Paid Daily Fantasy Sports Contests to End in Idaho
TWIN FALLS, Idaho (KLIX) – Two companies offering paid fantasy sports contests in Idaho will no longer be able to do so after an agreement was reached between the companies and the state attorney general's office.
The agreement took effect Sunday. Under its terms, the companies – Draftkings Inc. and FanDuel Inc. – will no longer allow consumers in Idaho to participate in any of their daily paid online fantasy football, baseball, basketball and other sports contests, according Idaho Attorney General Lawrence Wasden.
Both companies agreed to process requests by Idaho participants to withdraw their account balances in a timely manner, according to the release. They will monitor Idaho players based on geoblocking technology or through IP addresses.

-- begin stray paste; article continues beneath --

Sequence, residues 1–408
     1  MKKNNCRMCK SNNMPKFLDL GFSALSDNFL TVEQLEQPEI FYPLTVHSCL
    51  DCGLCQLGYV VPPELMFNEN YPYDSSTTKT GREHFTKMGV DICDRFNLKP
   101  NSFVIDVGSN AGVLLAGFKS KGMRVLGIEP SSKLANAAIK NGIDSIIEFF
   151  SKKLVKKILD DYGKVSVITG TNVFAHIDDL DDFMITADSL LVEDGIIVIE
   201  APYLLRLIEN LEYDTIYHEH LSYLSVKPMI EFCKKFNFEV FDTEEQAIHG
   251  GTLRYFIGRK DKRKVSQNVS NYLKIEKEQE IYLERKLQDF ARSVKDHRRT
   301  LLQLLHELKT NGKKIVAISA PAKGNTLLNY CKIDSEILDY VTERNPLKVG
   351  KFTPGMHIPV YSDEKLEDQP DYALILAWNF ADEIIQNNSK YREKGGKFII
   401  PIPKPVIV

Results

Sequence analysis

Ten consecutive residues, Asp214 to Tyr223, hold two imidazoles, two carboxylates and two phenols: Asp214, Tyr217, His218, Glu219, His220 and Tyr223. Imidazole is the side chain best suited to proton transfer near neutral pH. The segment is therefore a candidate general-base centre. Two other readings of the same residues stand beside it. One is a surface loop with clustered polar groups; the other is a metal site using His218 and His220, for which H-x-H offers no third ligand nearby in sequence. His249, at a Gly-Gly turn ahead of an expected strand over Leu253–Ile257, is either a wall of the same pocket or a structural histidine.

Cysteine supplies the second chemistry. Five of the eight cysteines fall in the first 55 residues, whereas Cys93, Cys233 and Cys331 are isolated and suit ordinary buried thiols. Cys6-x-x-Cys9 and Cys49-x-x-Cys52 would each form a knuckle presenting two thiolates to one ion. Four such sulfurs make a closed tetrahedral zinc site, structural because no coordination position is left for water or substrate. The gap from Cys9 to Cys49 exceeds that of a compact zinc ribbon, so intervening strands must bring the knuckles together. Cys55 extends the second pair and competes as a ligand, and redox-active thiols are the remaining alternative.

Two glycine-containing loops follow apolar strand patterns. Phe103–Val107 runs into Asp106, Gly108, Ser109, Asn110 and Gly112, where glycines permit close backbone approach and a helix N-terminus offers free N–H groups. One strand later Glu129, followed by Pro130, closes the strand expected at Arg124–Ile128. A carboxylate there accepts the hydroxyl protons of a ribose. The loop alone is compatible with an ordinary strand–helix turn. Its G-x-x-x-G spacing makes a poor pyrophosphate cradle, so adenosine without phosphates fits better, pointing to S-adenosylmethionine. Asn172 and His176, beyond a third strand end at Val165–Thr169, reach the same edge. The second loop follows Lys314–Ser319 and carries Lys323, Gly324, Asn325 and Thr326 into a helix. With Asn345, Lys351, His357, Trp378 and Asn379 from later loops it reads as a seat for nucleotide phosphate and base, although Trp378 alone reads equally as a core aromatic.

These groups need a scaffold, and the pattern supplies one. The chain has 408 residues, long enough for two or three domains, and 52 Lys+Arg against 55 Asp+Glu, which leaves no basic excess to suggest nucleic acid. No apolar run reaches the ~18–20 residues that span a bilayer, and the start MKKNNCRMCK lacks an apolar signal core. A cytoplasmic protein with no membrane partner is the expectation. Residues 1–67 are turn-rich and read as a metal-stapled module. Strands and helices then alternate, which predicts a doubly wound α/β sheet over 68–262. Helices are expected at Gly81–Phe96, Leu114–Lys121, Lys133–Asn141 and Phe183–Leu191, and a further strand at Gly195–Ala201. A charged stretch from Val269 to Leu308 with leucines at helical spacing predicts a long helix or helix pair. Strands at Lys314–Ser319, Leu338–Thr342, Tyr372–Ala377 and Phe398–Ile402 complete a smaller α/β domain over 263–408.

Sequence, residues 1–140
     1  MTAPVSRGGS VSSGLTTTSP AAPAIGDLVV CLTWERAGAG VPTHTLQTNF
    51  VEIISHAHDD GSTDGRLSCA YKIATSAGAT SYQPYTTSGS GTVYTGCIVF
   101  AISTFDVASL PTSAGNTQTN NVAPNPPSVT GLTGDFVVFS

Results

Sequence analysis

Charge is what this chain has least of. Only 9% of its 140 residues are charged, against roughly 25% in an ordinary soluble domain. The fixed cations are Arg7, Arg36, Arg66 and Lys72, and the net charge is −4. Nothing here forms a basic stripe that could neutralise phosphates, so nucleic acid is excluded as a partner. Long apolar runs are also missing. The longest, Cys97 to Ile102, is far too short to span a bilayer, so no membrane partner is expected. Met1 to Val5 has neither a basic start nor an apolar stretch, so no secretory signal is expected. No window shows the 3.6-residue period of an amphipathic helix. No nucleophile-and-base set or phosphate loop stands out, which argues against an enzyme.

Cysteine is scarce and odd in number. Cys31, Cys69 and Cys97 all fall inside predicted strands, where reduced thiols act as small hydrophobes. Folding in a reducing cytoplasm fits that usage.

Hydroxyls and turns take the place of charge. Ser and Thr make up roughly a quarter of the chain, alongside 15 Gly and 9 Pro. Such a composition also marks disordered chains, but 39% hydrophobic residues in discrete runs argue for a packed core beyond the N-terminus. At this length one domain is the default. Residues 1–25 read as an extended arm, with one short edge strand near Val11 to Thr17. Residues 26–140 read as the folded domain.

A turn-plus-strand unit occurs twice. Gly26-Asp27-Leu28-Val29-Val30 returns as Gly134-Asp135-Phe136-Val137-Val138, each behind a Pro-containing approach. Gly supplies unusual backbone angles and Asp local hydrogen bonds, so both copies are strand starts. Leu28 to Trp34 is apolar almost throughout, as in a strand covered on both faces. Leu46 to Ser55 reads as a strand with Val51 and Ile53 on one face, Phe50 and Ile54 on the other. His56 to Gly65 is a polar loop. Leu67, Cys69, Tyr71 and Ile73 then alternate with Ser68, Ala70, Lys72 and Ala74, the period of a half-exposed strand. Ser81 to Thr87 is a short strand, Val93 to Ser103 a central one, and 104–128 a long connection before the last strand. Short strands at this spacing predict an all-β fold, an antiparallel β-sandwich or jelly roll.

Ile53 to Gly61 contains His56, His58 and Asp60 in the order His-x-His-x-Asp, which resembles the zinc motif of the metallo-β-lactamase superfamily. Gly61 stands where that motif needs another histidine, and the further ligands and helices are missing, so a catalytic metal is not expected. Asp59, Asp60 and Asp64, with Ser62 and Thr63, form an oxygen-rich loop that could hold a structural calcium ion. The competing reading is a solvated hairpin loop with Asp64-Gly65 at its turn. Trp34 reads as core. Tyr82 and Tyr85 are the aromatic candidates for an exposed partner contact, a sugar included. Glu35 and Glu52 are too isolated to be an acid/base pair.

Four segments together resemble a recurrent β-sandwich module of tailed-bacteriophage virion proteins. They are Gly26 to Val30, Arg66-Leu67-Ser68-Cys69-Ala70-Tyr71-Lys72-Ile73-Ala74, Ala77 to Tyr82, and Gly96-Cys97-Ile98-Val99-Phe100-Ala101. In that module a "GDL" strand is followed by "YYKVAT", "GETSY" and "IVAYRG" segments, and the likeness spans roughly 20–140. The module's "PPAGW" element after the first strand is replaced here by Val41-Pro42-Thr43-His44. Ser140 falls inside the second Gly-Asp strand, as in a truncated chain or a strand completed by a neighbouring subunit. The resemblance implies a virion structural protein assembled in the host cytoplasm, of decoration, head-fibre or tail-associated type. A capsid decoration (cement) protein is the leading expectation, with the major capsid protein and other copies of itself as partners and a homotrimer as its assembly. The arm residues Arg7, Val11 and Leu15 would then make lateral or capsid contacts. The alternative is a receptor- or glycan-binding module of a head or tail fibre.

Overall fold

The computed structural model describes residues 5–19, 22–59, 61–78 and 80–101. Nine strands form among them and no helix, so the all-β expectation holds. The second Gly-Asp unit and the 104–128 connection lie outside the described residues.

“The concern I have is that the paid daily sports offerings provided by these companies constitute gambling under Idaho law,” Wasden said in a prepared statement.
Wasden began a review of the companies and their websites in January amid concerns regarding the legality of the daily fantasy sports contests offered by those companies, according to the news release. The Idaho Constitution prohibits gambling except for the state lottery, pari-mutuel betting as well as bingo and raffle games.
“Idaho defines gambling, in part, as risking money or other thing of value for gain that is contingent in whole or part upon chance or the outcome of an event, including a sporting event,” Wasden said in the release.
“My concern is that the daily fantasy sports offerings my office reviewed require participants to risk money for a cash prize contingent upon individual athletes’ collective performances in various future sporting events. As I see it, this falls within Idaho’s definition of gambling.”
Nothing in the agreement precludes FanDuel or DraftKings from offering free daily fantasy sports leagues or other free contests that offer prizes to players in Idaho.
Information in the agreement does not constitute an admission of liability or evidence of wrongdoing by the companies, Wasden said.